Media Watch

Rwanda Parliament drops defamation from the draft penal code

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The Chairman of Standing Committee on Political Affairs and Gender in Parliament, Alfred Kayiranga has said on Thursday that defamation has been removed from the draft law determining offences and penalties in general.

Kayiranga said that some articles were dropped as the committee found them fitting into civil laws.

“Just like some other articles, defamation should not be criminalized. It has been removed from this draft law,” he pointed out

The current Penal Code states that anyone found guilty of defamation shall face a jail term of six to 12 months and a fine of Rwf1 million to Rwf5 million.

Still, Article 169 of the proposed Penal Code directs that when convicted, one is liable to a jail term of not less than two years but not exceeding three years and a fine of not less than Rwf3 million but not exceeding Rwf5 million.

However, MP Emmanuel Mudidi opposed the move saying the House should revisit this article because scrapping it would pose many consequences.

“Defamation is a big offense that should be considered in the law,” Mudidi claimed

Like defamation, many other points were dropped for political interests.

Kayiranga further said that some articles that were removed from Penal Code draft for political interests and respect of human rights,” He added“ This doesn’t imply that these offenses will not be penalized, but they will go into civil laws or in laws regulating media,” he explained.

Welcome note to the media

Constricting penalties on defamation in Penal Code amendments had ignited debate among media practitioners who had recently raised voices against the article saying that it would undermine freedom of expression.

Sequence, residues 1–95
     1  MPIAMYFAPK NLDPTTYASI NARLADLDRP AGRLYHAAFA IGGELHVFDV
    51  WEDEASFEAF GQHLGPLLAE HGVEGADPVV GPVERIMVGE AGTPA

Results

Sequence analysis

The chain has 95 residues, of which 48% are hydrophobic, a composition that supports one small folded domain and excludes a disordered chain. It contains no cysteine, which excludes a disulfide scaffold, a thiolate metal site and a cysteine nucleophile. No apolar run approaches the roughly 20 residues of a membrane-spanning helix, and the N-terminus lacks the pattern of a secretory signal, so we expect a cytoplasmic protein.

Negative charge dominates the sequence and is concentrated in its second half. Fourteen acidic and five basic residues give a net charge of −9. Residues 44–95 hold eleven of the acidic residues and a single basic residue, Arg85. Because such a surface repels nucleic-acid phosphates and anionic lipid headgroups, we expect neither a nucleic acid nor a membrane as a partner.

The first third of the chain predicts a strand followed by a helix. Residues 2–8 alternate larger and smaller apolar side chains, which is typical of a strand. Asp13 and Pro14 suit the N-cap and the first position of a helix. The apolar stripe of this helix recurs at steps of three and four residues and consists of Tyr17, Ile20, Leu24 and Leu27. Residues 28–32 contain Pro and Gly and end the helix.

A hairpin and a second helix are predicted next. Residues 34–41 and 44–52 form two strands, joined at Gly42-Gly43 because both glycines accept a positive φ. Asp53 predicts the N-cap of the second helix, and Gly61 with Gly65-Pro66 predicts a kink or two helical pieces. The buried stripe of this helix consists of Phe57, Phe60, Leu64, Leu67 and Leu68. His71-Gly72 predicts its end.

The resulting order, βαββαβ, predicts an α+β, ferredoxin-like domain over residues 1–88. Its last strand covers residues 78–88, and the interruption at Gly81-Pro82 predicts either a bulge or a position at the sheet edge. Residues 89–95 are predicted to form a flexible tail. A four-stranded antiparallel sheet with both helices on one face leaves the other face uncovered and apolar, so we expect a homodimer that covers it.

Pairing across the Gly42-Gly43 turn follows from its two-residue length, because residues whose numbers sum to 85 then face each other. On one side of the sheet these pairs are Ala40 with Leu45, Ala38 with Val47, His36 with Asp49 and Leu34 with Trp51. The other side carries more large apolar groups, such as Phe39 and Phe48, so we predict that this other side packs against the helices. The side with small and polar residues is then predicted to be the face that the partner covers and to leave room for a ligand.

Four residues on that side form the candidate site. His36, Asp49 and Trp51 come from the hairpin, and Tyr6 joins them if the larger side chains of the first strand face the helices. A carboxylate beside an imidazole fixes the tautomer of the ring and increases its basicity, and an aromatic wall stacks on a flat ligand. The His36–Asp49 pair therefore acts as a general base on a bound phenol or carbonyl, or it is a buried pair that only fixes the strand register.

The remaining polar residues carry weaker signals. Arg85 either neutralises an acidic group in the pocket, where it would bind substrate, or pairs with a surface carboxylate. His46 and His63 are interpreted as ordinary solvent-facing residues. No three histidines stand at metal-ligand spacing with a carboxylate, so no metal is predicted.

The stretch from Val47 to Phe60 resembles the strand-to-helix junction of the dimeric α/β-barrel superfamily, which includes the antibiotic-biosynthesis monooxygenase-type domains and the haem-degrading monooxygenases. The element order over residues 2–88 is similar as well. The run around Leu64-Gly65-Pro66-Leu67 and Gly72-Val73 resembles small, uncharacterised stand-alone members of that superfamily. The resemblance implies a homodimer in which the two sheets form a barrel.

Executive Secretary of Rwanda Journalists Association, Gonzague Muganwa had said that breach of media ethics should be handled by media self-regulatory body.

“Defamation contradicts journalistic ethics under the article two of media ethics and, therefore, should not be in Penal Code.

In his article written in the East African, PhD holder, Senior Lecturer, School of Journalism and Communication and lead consultant Christopher Kayumba wrote that: The revised penal code represents a setback in the progress made in creating a conducive legal environment for media freedom and free speech to flourish.

“The main reasons for saying these articles are a setback is because of their capacity to weaken government policy of media self-regulation and the broader governing philosophy of seeking to solve problems through dialogue.”

Early this month, the media fraternity had convened in a consultative meeting and agreed to file a petition to parliament stating their position that defamation should be dropped from the Penal Code under review suggesting that it should a civil matter.

 

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